Everton vs. Arsenal: Tactical Analysis

Thumbs up, right back at you boss. - Alex Livesey

There's a lot to dissect from Everton's massive win over the Gunners on Sunday, with Roberto Martinez's bold tactical moves right at the top of the list.

Well, no one can say that Roberto Martinez lacks inventiveness or boldness. The Toffees came out in an unexpected formation Sunday, and Arsene Wenger and Arsenal were unable to cope with Everton's attacking play and superior planning.

First, let's take a look at how the squad lined up, then the intricacies that explain why Martinez's experiment was such a success.

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The decision to play a 4-3-3 with Lukaku wide on the right and Naismith as a false 9 was certainly an unexpected one. Martinez certainly was hoping to exploit Arsenal left-back Nacho Monreal, standing in for regular left-back Kieran Gibbs.

Given that Everton's first goal came as a direct result of Monreal's inability to track a Lukaku run and the second goal began by Lukaku taking Monreal on 1-v-1, it appears Martinez got exactly what he was looking for.

The victory was about much more than that though, so next let's see the player influence map (courtesy of fourfourtwo.com), and see what else developed from this alignment.

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The biggest thing that jumps out from the diagram is the large influence of Seamus Coleman and Leighton Baines, as well as how high up the pitch their influence was.

This assessment certainly passes the eye test as well, as Leighton Baines' perfect cross set up Everton's first goal, and Seamus Coleman did this, which was pretty sweet.

In recent weeks, the offensive roles of Baines and Coleman have been somewhat subdued. Aiden McGeady and Gerard Deulofeu have been frequenting the wings, and playing extremely wide (as is their nature), taking away space from Coleman and Baines to join the attack. While Deulofeu and McGeady's contributions have been positive, Everton have missed Coleman and Baines in the attack.

So Martinez's decision to put Lukaku (a true striker) and Mirallas (who earlier this year expressed his desire to play centrally) on the wings makes perfect sense for the full-backs. Lukaku and Mirallas both tended to drift inside, creating space for Coleman and Baines to give the Gunners nightmares.

Of course, the story isn't all about offense. The Gunners out-possessed Everton 57-43, and out-passed them 516-362, so the Toffees spent their fair share of time defending against an Arsenal team with attacking weapons.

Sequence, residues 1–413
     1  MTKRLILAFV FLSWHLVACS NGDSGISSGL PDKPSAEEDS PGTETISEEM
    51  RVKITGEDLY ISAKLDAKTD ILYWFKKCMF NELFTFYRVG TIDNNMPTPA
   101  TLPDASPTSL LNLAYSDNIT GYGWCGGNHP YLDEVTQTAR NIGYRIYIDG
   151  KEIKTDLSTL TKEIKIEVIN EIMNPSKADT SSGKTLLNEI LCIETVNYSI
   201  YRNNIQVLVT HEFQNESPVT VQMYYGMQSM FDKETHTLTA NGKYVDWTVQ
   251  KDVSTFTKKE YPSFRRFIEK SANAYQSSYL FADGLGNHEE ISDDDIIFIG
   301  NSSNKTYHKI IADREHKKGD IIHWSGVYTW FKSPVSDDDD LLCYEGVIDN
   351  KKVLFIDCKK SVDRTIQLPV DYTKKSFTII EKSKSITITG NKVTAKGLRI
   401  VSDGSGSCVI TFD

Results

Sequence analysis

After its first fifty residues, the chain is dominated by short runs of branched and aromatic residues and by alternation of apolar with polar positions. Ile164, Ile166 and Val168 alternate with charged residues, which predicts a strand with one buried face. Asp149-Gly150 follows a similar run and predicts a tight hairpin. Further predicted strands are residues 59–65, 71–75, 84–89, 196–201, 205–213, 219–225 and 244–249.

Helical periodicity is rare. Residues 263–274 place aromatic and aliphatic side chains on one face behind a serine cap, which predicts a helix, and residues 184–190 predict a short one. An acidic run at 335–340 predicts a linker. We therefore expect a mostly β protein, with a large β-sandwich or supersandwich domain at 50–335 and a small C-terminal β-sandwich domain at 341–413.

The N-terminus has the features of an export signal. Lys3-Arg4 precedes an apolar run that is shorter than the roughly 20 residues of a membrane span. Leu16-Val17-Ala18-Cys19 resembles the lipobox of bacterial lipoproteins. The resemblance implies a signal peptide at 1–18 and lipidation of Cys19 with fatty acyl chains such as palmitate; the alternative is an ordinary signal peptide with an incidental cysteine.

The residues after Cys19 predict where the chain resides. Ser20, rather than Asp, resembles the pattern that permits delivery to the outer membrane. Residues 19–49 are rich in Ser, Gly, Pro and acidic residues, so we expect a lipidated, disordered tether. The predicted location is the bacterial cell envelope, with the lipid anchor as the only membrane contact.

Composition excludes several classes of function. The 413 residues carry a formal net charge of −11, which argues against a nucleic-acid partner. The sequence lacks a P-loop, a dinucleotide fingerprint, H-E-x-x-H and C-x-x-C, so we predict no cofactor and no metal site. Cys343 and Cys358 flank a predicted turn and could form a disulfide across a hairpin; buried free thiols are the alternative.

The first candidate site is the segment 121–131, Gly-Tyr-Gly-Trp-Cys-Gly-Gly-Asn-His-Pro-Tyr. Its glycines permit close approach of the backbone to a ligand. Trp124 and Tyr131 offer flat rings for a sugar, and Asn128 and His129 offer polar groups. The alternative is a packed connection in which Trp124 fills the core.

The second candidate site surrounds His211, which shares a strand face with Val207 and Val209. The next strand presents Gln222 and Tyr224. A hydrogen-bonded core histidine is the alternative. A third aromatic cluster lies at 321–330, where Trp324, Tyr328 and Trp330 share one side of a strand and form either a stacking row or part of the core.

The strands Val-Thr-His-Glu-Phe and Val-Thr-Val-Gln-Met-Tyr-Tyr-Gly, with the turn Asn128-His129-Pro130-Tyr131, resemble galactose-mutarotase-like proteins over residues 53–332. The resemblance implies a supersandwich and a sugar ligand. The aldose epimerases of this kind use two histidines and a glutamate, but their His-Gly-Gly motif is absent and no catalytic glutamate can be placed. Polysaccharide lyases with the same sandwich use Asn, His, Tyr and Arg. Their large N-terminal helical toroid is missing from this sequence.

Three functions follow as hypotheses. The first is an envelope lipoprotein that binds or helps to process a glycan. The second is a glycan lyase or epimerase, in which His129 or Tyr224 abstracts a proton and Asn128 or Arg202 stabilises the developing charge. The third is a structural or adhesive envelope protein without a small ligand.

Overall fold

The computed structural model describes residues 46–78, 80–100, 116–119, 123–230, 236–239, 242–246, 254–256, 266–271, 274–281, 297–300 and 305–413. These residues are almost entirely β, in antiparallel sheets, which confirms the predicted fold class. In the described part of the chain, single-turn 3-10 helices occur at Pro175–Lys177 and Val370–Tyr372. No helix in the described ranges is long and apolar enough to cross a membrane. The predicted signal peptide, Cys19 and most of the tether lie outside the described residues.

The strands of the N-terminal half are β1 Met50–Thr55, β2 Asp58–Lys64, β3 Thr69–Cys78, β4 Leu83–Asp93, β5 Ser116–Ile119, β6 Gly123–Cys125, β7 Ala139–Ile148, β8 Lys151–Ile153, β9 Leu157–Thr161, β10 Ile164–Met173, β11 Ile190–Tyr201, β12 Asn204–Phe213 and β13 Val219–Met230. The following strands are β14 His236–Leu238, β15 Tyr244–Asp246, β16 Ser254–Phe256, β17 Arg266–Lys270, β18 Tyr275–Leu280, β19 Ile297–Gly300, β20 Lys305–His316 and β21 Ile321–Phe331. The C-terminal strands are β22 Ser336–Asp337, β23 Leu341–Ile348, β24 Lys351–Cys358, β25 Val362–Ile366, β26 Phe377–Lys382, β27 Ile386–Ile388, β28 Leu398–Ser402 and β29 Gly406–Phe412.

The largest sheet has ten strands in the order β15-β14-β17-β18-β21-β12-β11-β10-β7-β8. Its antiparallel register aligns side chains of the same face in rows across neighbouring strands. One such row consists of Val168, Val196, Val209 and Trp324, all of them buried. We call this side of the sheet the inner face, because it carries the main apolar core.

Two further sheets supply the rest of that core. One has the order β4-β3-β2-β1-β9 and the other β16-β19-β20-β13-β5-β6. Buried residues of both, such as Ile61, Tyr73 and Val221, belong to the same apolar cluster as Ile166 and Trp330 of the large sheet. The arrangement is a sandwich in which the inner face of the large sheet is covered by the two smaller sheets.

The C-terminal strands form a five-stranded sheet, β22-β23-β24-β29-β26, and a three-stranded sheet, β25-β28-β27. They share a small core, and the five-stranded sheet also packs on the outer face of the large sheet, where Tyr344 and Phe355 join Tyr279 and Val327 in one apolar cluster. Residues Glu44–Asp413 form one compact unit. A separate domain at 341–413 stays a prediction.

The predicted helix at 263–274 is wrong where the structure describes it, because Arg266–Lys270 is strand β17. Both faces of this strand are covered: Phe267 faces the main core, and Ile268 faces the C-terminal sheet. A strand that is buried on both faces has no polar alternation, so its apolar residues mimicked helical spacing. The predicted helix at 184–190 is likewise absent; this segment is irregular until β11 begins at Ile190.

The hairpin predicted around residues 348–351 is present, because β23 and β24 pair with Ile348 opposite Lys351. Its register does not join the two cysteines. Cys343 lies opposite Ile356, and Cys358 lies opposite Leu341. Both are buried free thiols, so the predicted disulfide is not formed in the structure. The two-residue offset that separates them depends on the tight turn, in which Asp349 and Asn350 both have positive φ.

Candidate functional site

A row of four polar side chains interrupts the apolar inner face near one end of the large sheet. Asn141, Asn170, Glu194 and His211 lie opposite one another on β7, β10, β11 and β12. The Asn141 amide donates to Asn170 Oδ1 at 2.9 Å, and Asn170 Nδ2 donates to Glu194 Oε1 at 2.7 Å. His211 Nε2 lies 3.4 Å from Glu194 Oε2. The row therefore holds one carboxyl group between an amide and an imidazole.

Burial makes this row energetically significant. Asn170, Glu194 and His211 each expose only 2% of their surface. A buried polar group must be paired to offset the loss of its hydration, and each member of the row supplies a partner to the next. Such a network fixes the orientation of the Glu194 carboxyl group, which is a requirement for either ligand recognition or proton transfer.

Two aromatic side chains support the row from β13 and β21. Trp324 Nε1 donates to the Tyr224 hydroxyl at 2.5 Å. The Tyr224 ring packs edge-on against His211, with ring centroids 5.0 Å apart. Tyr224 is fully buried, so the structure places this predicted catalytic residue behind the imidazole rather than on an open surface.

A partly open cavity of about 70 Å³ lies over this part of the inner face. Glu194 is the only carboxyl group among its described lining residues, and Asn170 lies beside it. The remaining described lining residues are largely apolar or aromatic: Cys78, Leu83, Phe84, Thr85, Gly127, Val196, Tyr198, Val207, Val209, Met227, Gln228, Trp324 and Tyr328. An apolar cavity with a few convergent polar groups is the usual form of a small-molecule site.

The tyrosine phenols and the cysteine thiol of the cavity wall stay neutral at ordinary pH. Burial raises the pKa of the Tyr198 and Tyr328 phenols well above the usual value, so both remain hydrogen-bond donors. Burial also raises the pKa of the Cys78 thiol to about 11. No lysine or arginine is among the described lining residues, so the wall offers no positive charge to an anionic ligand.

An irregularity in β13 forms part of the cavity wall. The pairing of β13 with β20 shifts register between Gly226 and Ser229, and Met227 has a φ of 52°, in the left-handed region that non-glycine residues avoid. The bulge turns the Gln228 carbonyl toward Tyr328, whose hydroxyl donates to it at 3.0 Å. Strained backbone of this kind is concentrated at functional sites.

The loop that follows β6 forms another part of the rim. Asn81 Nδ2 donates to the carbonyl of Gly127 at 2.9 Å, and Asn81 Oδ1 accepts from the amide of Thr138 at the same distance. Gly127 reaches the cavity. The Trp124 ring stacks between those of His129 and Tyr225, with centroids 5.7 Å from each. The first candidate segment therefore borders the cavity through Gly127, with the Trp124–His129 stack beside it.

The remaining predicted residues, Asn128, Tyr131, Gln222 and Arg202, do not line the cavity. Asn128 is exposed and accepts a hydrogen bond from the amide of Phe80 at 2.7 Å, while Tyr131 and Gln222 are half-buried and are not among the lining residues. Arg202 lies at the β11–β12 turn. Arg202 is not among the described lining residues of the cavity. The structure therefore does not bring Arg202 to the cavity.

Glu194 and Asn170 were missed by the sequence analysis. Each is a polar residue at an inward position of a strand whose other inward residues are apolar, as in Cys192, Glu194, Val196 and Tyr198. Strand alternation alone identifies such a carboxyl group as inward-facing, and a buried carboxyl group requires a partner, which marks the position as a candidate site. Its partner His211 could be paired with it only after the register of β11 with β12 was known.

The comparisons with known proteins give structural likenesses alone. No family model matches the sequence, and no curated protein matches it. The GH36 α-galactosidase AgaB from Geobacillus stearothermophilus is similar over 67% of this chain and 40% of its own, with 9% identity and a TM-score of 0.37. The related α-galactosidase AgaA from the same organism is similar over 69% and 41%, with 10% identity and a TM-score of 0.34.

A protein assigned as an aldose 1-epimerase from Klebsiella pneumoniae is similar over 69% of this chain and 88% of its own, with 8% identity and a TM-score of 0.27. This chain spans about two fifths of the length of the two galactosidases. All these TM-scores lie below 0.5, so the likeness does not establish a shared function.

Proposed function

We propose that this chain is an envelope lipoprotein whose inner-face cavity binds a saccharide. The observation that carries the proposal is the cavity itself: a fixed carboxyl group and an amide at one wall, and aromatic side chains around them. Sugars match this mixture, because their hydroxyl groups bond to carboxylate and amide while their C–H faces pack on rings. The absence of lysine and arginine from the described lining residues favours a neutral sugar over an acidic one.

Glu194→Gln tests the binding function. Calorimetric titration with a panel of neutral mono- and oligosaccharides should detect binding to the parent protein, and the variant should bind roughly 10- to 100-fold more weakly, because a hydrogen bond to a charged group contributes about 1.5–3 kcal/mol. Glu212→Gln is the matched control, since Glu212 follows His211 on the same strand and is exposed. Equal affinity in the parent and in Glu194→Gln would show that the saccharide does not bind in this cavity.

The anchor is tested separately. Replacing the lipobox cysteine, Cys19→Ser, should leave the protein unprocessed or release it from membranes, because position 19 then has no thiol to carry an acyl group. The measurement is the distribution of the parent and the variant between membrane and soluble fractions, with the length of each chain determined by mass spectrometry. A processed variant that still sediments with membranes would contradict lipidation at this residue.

The influence map tells another interesting story about the match, this time about the defending. Mirallas, on the diagram, sits deeper than the other attacking players, almost level with Ross Barkley. The Belgian's defending work rate was stellar, so much so that the formation while defending often appear as below.

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While in reality it wasn't quite as neat and tidy as the tactics board indicates, the diagram is still a solid representation of how Everton effectively shut down the Gunners. Two blocks of four kept Arsenal from successfully building attacks out of their superior passing and possession stats.

As noted above, Coleman and Baines were very active in the attack, which should have meant, at least in theory, that the Toffees were vulnerable on the counter, particularly down the wings. In reality, it just did not happen, thanks in large part to the defensive covering of McCarthy and Mirallas.

To get an idea of how little Arsenal was able to work the wings, take a look at their player influence map for the match.

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When I first saw this, my jaw nearly hit the floor. Arsenal tends to play narrow when Theo Walcott and Alex Oxlade-Chamberlain are not in the lineup, but this is astounding.

Down Arsenal's right (Everton's left), there was simply very little happening. The activities of Gareth Barry and Kevin Mirallas seem to explain this a little.

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When both players were forced to defend down the left, it was very high up the pitch. Arsenal largely lacked the desire to play wide down that wing, and when Mirallas and Barry so effectively shut them down before they even had opportunities, the Gunners ultimately stayed away from that side for much of the match.

James McCarthy, covering for Coleman down the defensive right, had a more difficult assignment. Lukas Podolski provided some width down that wing, and gave McCarthy plenty of work to do defensively. Still, between he and Barry, that threat was shut down.

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So what is the ultimate conclusion on Martinez's tactical experiment with the 4-3-3? Obviously given the result, we have to say it was a roaring success. But taking a closer look at the intricacies of how things lined up really brings even more compliments Martinez's way.

Clearly, he knew his opposition very well, and knew what to exploit. Lukaku's placement on the right was always going to give Nacho Monreal nightmares. Going with three in the midfield would open up the wings hugely for the full-backs, who would be able to get into the attack without worrying too much about neglecting defensive duties, due to Arsenal's tendencies to play narrow.

And on the occasion when Arsenal did try to force it wide, McCarthy, Barry, and Mirallas would be there to shut it down before any real danger could materialize.

What do you think? Did any other part of Martinez's tactical approach grab you? Have your say below!

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